Despite arriving amid the COVID-19 pandemic, Poursharifi was also able to finish her latest poetry collection and successfully settled in Trondheim. Marjan’s literary work revolved around issues of women’s rights, freedom of speech, and love.
In an interview with the ICORN Secretariat, Marjan reflects on her experiences of her ICORN residency and the period prior to her arrival in Norway, as well as the inspirations and challenges on the way.
ICORN: What inspired the poetry collection you have been working on during your ICORN residency in Trondheim?
Marjan: I write to show one’s feelings and, in that collection, the main idea was the strength hidden in a woman’s broken heart. I was inspired by the freedom of birds and how similar a woman can feel if she is free, able to touch the sky if she wishes. But I also wrote about the difficult moments in a woman’s life, about the immigration process, with an empty hand but a heart full of love and hope for the future. I was inspired not only by womanhood without any borders or fears, but also by motherhood. I just tried my best to write about women’s experiences.
ICORN: How do the creative processes behind writing poetry and illustrating differ, if at all?
Marjan: Writing and illustrating are a mirror of my innermost heart and its aches. I write what I cannot say, and I write exactly what I feel. The same applies when I paint or illustrate through the means of colours, lines, or shapes. I express my feelings in my poems, and I reflect them in my illustrations- the only question of difference is which one is closer to the source. Illustrations are probably more genuine as it requires all of me to paint them. Then, what I leave on paper is the moments of my life, and all its tears and smiles.
ICORN: Expressing yourself freely in Iran led to your whole family being under threat- did you anticipate there would be so much risk involved?
Marjan: I actually never thought that writing about love and women having a free life in Iran would involve so many risks for me and my family. I lived in a strange society where showing support for women is a taboo. My work was a way to express myself and my experiences as a woman in Iranian society. At the beginning, I was publishing my writing on social media as I wanted to reach out to other people, make them my readers, and share my feelings with them- I just wanted a life without borders. I never knew that this could be dangerous.
ICORN: When did you realise that you and your family had to leave Iran?
Marjan: When we were living in Iran, we were forced to show up in one of Sepāh’s offices every three months and sign a document confirming that we were not acting against the law. Due to our record of political opposition, we were unable to get jobs and any time there was a social or political movement in Iran, we were worried that we would get arrested in our home. In these conditions, we always knew that we had to leave. It was just a matter of waiting for the right moment.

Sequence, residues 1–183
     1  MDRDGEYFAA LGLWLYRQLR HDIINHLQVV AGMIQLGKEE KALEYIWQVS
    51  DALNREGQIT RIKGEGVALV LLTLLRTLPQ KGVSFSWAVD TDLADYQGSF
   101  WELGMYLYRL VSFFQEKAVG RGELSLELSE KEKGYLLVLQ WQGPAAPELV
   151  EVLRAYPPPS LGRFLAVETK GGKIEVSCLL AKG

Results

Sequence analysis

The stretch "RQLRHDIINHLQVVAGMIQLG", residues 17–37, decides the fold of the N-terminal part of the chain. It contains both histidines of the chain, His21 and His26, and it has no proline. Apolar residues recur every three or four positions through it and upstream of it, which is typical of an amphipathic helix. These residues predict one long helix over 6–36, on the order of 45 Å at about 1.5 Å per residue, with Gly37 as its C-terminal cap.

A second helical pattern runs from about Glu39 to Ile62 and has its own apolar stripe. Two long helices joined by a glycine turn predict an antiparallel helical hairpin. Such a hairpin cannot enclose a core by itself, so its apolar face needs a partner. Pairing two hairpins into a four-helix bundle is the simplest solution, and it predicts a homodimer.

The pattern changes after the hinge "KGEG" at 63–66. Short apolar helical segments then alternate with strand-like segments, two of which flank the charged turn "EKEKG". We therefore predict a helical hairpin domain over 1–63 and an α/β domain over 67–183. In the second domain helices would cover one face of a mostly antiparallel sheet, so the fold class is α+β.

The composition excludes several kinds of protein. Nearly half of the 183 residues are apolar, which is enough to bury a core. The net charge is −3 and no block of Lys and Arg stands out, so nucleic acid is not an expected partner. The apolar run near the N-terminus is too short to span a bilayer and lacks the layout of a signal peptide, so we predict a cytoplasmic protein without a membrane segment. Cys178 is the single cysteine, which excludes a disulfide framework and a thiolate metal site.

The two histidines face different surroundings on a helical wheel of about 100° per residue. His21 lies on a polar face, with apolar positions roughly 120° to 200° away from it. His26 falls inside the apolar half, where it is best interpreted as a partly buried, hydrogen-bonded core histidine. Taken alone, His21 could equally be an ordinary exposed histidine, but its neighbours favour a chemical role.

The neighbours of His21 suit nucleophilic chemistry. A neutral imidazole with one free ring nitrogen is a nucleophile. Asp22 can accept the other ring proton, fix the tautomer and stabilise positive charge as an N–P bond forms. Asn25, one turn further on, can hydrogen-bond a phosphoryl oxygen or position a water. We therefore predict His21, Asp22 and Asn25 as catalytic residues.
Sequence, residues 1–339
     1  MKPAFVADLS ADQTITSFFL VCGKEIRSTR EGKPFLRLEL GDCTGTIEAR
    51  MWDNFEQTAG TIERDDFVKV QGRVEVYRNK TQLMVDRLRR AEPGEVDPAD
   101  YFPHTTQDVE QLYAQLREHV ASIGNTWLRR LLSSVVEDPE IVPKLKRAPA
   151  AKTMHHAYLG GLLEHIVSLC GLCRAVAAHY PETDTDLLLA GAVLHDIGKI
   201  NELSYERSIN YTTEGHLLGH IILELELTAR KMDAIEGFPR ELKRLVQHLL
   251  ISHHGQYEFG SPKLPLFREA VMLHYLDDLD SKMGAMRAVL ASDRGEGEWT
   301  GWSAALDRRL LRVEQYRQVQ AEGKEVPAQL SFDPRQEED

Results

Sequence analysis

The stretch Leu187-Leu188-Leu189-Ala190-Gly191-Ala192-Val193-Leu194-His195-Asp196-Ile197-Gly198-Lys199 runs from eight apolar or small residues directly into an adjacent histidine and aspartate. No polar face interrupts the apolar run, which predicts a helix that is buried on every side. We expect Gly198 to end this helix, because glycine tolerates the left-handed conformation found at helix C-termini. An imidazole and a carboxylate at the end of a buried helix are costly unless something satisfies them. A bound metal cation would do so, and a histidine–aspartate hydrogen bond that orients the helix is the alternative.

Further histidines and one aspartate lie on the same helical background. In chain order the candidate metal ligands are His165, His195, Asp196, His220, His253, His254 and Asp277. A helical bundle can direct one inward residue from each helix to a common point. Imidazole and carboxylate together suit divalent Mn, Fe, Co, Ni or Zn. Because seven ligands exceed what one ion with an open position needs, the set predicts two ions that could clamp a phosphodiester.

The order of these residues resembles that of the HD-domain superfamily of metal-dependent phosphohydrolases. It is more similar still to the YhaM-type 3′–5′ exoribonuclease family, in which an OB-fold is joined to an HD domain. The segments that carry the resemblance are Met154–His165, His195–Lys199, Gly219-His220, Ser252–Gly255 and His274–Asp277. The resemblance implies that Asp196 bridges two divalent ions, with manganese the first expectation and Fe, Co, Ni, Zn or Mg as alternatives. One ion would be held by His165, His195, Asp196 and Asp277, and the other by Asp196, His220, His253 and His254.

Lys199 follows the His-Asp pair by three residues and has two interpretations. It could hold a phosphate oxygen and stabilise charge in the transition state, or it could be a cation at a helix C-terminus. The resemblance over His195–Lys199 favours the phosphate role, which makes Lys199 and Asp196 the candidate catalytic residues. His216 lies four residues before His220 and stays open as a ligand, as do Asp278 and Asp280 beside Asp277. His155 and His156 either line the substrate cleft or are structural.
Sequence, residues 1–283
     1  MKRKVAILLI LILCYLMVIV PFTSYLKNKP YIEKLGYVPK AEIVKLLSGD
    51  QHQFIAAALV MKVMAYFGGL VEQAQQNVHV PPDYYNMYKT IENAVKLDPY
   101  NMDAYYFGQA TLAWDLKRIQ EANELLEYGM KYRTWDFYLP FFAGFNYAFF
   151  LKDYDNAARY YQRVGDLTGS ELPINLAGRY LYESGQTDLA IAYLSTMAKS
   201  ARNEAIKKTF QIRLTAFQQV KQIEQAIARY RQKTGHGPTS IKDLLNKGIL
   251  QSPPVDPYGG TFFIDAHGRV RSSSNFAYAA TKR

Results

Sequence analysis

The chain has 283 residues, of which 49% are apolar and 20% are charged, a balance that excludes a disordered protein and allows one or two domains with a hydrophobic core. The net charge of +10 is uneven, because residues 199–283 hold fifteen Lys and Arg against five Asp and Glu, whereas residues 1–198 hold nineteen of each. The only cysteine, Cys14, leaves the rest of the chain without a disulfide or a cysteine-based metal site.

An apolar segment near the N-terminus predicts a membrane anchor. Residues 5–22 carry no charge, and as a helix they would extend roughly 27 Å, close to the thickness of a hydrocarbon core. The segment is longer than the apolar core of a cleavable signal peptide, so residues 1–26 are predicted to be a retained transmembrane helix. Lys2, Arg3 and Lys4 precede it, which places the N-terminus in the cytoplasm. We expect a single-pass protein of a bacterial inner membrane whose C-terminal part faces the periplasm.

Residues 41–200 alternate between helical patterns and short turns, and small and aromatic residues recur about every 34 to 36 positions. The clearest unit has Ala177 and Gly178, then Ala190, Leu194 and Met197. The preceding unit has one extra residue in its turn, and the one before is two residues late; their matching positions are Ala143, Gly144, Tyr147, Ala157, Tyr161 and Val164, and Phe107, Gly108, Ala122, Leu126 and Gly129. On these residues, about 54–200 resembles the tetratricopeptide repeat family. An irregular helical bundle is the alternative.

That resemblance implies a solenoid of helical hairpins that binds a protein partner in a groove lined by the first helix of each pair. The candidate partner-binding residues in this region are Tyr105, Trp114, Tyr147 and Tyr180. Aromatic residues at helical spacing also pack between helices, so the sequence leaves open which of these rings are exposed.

ICORN: Before arriving in Norway as ICORN resident, you were in exile in Serbia. What were your experiences there?
Marjan: We were unable to get to Turkey and the other option was to flee to Greece through the sea and risk our lives. Serbia was the only choice for us. There we lived in a camp on the border, which was relatively safe, but there was no warm water for showering, no healthcare, and no education for my young son. Since arriving in Norway, we got a second chance to rebuild our life, with the support of Trondheim, ICORN, and PEN Norway.
ICORN: Iran has been experiencing its biggest and longest lasting protests for 45 years while you have been in Norway. How have you dealt with the situation from exile?
Marjan: What is currently happening in Iran is a nightmare for humanity. I, and millions of other Iranians forced to live in exile, are witnessing our fellow citizens being tortured, raped, and killed every day. The victims are mostly the younger sections of the population, with many children among them. It is very painful to be unable to do anything from here- we can only be their voice on social media and organise protests from abroad to condemn the actions of the Iranian government. For my part, I contributed to Trondheim’s artistic List Magazine in its Winter 2022 edition. I had two pages where I displayed two of my paintings and one of my poems in Farsi and in English in support of Iran’s ‘Woman, Life, Freedom’ movement and the revolution and raising local awareness if the situation in my home country.
ICORN: Now that your ICORN residency has come to an end, what are your plans in professional and personal terms?
Marjan: My ICORN residency ended in December 2022. I am now on a new path which can be a big change after two years of residency, especially when it comes to challenges such as finding a permanent job and staying on my own feet. Right now, I am a substitute art teacher at a local cultural school and I continue to write and paint every moment of my life. I am planning to have more exhibitions and publish my new book in Norwegian and Farsi in the very near future.